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Arshavin rekindles memories

Wroclaw: Russia surging forward with speed and finesse and Andrei Arshavin actually affecting a game positively with his laidback but at times exquisite approach — it could have been 2008 all over again.

Their 4-1 thrashing of the Czech Republic in their Euro 2012 Group A opener on Friday was soccer at its best but the question on Russian and rival fans’ lips is: “Can they keep it going?”

Four years ago Russia and Arshavin, an almost unknown conjurer of football magic who had evaded all of Europe’s top scouts for years, dazzled the championship before they lost their way in a semi-final defeat by winners Spain.

This time they mean business again and may even have a more rounded team. Their defence looked solid for the most part, but whether the notoriously flaky soccer nation can continue to produce such flowing football remains to be seen.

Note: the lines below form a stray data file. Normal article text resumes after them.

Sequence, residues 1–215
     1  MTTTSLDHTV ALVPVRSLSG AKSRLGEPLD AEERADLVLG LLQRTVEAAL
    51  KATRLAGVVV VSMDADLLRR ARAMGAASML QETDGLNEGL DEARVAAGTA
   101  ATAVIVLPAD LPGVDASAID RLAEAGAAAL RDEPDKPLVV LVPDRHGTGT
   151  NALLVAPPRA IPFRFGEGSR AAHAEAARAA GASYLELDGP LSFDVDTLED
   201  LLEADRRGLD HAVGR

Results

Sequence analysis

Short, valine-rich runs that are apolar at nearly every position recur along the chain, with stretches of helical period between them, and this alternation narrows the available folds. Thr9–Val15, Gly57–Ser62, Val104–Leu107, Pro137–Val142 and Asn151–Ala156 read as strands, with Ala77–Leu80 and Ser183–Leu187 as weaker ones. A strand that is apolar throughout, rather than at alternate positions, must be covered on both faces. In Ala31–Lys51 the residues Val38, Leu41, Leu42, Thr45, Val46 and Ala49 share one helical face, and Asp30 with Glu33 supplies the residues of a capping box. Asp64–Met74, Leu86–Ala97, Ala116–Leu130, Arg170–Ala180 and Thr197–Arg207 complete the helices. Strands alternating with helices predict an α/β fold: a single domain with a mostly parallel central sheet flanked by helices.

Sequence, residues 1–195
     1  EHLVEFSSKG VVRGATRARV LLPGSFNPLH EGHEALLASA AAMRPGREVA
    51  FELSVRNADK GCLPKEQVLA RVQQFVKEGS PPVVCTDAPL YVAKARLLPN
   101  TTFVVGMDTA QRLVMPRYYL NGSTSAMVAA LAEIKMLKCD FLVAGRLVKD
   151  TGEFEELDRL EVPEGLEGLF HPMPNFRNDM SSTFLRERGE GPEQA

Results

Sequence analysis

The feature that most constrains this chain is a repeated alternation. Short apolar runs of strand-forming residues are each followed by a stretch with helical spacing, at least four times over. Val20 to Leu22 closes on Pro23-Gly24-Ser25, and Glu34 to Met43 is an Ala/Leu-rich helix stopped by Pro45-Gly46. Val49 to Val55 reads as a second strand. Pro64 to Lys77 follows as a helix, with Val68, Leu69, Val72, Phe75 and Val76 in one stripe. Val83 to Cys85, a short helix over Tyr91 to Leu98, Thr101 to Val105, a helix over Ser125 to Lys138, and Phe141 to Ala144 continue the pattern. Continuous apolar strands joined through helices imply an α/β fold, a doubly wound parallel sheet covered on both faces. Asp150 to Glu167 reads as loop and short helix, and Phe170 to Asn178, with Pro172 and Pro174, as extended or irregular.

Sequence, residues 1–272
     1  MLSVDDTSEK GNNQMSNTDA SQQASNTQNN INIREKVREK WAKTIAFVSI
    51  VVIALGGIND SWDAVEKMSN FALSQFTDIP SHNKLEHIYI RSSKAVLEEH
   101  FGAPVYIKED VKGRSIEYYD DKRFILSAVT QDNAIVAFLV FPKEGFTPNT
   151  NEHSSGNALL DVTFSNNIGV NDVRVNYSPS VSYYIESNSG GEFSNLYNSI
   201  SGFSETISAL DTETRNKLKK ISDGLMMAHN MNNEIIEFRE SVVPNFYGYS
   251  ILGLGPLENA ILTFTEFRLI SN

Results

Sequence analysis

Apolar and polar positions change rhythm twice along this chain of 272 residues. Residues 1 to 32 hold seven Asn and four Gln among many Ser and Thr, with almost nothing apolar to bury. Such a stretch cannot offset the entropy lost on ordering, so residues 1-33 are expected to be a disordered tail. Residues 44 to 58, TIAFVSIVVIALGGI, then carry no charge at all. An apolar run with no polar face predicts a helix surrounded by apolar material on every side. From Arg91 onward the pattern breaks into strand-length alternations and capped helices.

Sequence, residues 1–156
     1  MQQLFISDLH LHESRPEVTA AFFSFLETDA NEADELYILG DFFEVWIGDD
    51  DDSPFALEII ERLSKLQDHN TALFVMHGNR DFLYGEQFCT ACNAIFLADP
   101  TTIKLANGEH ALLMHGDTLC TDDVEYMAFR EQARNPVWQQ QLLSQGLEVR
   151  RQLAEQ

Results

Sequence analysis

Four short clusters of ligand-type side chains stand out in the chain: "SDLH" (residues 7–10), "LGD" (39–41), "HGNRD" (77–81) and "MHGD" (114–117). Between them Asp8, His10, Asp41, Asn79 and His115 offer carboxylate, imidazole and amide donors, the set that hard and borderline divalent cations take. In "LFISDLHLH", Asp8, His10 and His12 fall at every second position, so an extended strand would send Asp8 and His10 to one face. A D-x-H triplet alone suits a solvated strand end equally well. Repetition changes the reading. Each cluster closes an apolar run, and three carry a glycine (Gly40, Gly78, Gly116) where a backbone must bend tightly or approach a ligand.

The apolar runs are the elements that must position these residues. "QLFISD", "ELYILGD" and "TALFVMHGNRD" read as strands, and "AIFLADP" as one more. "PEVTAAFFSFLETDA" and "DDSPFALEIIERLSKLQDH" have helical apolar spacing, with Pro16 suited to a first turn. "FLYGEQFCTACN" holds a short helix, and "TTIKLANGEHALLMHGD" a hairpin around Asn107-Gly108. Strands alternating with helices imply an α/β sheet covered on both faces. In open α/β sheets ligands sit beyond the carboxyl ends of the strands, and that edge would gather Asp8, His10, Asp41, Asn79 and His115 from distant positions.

The incisiveness with which Russia carved out openings with quick one-touch passing on the counter attack was a delight to behold, whether Arshavin meant the defence-splitting pass to Roman Shirokov for the beautifully dinked second goal or not.

It may have been meant for Alexander Kerzhakov, but it was great football and exactly what a big tournament needed on its opening night. Some glamour, some swagger.

The heavy rain in the hour before kickoff in Wroclaw, after the day had started sunny, slickened up the surface just perfectly for the Russians to move the ball along the ground at pace once the drizzle had stopped.

The other key factor was Czech coach Michal Bilek choosing the marauding Michal Kadlec at left back.

He left gaping holes in defence without being productive up the field and Alan Dzagoyev, the scorer of the first on 15 minutes, had all the time in the world to blast wastefully wide in a chance which should have put Dick Advocaat’s men 3-0 up by halftime.